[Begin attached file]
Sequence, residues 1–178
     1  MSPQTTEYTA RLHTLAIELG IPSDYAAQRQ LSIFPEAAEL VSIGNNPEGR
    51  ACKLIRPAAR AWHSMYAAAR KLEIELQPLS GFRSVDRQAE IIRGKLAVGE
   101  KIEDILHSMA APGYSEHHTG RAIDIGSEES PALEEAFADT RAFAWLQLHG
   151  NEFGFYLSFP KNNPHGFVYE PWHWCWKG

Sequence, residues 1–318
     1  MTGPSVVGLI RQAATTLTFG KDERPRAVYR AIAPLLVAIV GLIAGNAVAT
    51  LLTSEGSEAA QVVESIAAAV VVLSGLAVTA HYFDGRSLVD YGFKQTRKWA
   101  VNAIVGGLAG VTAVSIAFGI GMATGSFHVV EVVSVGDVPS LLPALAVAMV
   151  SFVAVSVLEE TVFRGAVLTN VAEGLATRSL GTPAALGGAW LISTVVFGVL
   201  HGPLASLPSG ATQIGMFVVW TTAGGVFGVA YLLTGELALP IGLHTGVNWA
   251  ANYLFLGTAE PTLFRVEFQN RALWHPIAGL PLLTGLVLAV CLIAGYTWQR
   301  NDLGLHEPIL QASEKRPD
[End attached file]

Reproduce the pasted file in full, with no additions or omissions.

Sequence, residues 1–178
     1  MSPQTTEYTA RLHTLAIELG IPSDYAAQRQ LSIFPEAAEL VSIGNNPEGR
    51  ACKLIRPAAR AWHSMYAAAR KLEIELQPLS GFRSVDRQAE IIRGKLAVGE
   101  KIEDILHSMA APGYSEHHTG RAIDIGSEES PALEEAFADT RAFAWLQLHG
   151  NEFGFYLSFP KNNPHGFVYE PWHWCWKG

Sequence, residues 1–318
     1  MTGPSVVGLI RQAATTLTFG KDERPRAVYR AIAPLLVAIV GLIAGNAVAT
    51  LLTSEGSEAA QVVESIAAAV VVLSGLAVTA HYFDGRSLVD YGFKQTRKWA
   101  VNAIVGGLAG VTAVSIAFGI GMATGSFHVV EVVSVGDVPS LLPALAVAMV
   151  SFVAVSVLEE TVFRGAVLTN VAEGLATRSL GTPAALGGAW LISTVVFGVL
   201  HGPLASLPSG ATQIGMFVVW TTAGGVFGVA YLLTGELALP IGLHTGVNWA
   251  ANYLFLGTAE PTLFRVEFQN RALWHPIAGL PLLTGLVLAV CLIAGYTWQR
   301  NDLGLHEPIL QASEKRPD